Re: MFC and XML...

"AliR \(VC++ MVP\)" <AliR@online.nospam>
Tue, 01 May 2007 19:36:31 GMT
Hi Tom,

It was magical in my last project. :)
I had to display reports on the screen, and didn't want to mess with drawing
the text and tables myself. So put the data in XML format, and use XSLT to
display it in a HTML file. Works like a charm, saved me months of work, and
it looks good on everyone's computer regardless of resolution or DPI. This
is the only place I found use for XML, and in this one instance it did it's
job well.


"Tom Serface" <> wrote in message

I remember around 10 years ago when I was first learning about XML. We
were using it for database integration. Someone told me that XML describes
the data structure, and HTML describes what the data looks like. When it
was first being thrown about it was espoused as some mysterious solution to
everyone's problem, but no one really knew what it did. The reason for
that is that XML doesn't really "do" anything. It just describes some data
in a sort of readable format. We use Xerces for parsing since our
requirement is to use DTDs, but I wouldn't recomment it for anyone getting
started these days. I usually point people to the CMarkup classes. Really
easy to use and implement and they work well. You can get a free version
or you can pay for a more feature rich version.


"Joseph M. Newcomer" <> wrote in message

XML files are just files. There's nothing magic about them. You can use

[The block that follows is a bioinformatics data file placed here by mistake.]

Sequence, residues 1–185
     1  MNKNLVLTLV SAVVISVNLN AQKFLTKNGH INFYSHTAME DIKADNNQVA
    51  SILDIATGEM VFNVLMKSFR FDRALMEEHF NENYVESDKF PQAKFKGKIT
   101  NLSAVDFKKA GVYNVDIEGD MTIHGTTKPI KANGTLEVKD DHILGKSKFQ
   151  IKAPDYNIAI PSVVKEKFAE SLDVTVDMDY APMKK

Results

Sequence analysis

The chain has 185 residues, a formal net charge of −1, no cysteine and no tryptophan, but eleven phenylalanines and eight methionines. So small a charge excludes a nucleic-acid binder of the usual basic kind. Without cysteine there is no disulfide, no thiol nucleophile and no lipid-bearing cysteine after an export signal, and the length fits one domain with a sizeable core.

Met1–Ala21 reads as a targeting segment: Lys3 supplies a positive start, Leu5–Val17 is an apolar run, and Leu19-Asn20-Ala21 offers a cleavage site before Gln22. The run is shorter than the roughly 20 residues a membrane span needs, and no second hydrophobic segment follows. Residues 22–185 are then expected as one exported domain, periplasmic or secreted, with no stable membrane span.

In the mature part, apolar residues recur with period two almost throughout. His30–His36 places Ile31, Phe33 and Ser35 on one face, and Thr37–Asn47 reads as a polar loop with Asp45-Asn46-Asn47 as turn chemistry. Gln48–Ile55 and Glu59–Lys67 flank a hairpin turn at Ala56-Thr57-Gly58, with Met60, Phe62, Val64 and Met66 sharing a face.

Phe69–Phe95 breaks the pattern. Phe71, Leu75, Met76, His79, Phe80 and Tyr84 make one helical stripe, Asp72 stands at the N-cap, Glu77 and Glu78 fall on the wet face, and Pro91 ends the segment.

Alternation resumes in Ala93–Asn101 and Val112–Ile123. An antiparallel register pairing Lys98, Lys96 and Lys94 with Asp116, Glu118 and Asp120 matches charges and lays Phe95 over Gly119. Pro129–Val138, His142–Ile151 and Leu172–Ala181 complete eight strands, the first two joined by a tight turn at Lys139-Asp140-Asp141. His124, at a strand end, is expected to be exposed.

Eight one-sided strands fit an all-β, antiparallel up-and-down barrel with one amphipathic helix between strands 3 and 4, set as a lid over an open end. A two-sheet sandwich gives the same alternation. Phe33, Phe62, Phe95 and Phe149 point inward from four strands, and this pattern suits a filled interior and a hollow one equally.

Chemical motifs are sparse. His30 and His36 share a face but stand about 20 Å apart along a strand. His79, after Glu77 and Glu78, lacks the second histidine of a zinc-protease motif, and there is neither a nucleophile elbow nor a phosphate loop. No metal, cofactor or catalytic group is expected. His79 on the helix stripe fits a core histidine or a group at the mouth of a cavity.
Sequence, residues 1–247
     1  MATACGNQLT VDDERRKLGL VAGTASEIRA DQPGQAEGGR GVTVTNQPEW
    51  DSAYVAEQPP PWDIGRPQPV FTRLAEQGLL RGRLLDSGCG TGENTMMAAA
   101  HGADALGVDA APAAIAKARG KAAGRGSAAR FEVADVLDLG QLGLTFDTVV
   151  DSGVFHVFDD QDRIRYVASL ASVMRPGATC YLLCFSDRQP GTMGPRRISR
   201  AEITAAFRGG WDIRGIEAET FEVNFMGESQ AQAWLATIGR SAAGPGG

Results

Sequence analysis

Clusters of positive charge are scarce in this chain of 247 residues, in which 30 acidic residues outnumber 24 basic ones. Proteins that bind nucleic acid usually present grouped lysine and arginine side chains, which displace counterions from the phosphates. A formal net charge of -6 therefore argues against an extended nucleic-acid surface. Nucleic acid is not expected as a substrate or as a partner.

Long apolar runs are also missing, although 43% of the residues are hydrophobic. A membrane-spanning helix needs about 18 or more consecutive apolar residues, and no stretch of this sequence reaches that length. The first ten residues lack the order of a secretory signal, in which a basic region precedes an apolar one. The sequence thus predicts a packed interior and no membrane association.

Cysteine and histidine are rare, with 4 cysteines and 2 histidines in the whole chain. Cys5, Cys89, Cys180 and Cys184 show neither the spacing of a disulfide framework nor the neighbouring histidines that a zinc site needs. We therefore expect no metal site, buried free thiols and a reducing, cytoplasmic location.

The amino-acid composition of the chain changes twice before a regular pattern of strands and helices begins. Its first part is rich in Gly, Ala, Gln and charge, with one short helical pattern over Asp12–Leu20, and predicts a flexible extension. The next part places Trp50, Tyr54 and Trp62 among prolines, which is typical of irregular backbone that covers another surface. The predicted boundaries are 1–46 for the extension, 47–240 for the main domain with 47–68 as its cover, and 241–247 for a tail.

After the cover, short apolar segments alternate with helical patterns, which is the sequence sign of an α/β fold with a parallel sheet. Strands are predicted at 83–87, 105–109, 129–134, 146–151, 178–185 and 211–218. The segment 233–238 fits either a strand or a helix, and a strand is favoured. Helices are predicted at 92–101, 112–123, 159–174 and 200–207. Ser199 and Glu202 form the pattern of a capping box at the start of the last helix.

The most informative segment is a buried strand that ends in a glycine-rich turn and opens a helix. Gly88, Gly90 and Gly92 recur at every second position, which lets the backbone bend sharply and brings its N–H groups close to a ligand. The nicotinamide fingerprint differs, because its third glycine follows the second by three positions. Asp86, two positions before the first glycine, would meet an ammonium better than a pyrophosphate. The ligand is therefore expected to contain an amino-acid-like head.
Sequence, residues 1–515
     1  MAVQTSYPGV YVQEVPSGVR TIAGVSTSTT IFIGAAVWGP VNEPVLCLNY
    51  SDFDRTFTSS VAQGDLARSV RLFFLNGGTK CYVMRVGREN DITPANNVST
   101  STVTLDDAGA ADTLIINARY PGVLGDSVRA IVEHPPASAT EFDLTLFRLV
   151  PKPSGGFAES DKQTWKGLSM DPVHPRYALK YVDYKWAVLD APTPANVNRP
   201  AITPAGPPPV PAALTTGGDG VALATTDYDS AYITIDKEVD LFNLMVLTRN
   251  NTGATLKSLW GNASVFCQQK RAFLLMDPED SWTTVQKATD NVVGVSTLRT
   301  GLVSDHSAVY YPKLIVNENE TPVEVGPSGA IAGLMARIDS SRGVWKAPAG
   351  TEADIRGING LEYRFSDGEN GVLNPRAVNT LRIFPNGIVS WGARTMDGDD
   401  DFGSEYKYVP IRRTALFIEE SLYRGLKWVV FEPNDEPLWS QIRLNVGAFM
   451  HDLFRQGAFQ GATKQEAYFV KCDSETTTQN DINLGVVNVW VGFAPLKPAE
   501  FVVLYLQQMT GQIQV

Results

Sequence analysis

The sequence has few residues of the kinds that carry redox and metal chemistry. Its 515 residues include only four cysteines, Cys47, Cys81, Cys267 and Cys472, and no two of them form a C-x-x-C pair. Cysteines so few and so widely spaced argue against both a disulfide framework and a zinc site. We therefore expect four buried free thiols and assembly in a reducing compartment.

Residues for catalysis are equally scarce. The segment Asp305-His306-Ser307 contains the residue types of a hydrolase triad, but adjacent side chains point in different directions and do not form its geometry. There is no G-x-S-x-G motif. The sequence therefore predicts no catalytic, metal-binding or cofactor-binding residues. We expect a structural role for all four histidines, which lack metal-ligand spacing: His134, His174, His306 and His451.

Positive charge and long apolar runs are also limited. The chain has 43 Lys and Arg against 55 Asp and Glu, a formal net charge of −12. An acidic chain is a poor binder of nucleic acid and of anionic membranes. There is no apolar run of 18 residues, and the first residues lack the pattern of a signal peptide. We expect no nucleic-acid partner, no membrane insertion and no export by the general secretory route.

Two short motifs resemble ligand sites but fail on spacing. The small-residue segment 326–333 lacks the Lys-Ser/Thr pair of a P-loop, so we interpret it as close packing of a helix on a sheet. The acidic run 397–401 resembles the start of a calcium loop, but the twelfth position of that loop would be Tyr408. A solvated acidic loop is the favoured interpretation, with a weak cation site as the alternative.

the very complex
Microsoft XML support, even if it is only produces a DOM (one of the more
useless designs
for data representation), or roll your own with any of the open-source
XML libraries
(google will give you a ton of them, and not all are GNU-licensed so you
can use them in
products whose source you don't want to disclose).

Essentially what you do is read the files in and create representations
in memory of the
data. When you want to write them out you convert them back to XML. I
typically use
Serialize methods on my structures, which recursively call serialize
methods of the
substructures. If the data is massive, you may have to deal with
incremental loading, and
if it is very small, you can probably roll-your-own representation; I
once did one with
the actual text, and methods such as "GetName" which parsed the
substructure in real time
to retrieve the name (for small databases and slow interaction rates,
this works really
well). But it's just a file, and whatever meaning you want to apply to
it is up to you.

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